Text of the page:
No bladed spokes?!?
    That brings up a good point. Building a wheel with blades spokes and carbon rims is far more complicated and time intensive that round spokes on a standard aluminum rim. it requires more tools, different tools, more time and a different process.

    Unless you're super mechanically inclined - learning to build wheels on carbon rims is a bad idea.
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  34. #34
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    Quote Originally Posted by iheartbicycles View Post
    That brings up a good point. Building a wheel with blades spokes and carbon rims is far more complicated and time intensive that round spokes on a standard aluminum rim. it requires more tools, different tools, more time and a different process.

    Unless you're super mechanically inclined - learning to build wheels on carbon rims is a bad idea.
    The better point is, why would anyone build a mountain bike wheel with bladed spokes?

  35. #35
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    Quote Originally Posted by 5k bike 50cent legs View Post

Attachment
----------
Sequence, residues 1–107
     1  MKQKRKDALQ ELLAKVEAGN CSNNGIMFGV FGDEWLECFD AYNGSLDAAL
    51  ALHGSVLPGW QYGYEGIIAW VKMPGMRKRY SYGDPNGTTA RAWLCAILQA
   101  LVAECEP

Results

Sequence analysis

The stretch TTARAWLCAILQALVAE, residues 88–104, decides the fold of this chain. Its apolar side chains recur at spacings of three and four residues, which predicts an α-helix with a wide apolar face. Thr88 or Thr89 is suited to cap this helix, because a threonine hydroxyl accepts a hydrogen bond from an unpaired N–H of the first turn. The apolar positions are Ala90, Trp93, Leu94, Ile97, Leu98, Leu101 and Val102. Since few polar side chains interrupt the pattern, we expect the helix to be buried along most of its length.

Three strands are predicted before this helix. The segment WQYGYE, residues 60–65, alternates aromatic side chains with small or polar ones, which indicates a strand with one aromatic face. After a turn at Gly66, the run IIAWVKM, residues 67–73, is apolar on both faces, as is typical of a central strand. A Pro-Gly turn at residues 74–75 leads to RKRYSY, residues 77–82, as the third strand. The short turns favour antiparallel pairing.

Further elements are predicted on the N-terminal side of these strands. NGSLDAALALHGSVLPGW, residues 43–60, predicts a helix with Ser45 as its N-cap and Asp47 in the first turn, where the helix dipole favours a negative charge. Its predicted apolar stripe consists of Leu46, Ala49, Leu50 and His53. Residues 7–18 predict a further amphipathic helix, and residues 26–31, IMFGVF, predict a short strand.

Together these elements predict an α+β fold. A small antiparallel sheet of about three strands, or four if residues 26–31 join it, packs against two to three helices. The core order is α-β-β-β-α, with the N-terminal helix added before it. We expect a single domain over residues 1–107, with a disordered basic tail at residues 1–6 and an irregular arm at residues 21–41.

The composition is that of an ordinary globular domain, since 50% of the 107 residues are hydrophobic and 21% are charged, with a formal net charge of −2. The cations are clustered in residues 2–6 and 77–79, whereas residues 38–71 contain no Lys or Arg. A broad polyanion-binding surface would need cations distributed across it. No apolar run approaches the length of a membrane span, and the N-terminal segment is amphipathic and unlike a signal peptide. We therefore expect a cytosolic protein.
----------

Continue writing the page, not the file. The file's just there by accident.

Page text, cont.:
The better point is, why would anyone build a mountain bike wheel with bladed spokes?
    if you're that old fashioned, maybe carbon isn't for you, either?

    realistically forged spokes are stronger than non-forged. They allow for lighter weight - but also require higher tension. Even more reasons you may not want to cut your wheel building teeth on carbon.
    Stupid, but sometimes witty. Occasionally brilliant. Slow and fat though.

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  36. #36
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    Quote Originally Posted by iheartbicycles View Post
    if you're that old fashioned, maybe carbon isn't for you, either?

    realistically forged spokes are stronger than non-forged. They allow for lighter weight - but also require higher tension. Even more reasons you may not want to cut your wheel building teeth on carbon.
    I would guess that if the average mountain biker did a blind comparison of a pair of carbon wheels with bladed spokes vs standard rims with DB spokes, they wouldn't be able to tell the difference.

    Is it harder to build aluminum or carbon wheels? This is like the old question, is it harder to weld steel or aluminum? I would say different, not harder.

  37. #37
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    BUMP - any recs for a wheel builder in the (north) Tahoe area? Probably looking non-carbon rims

  38. #38
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    Robinson Wheel Works in San Leandro. Chris has been doing it longer then just about anyone else around here.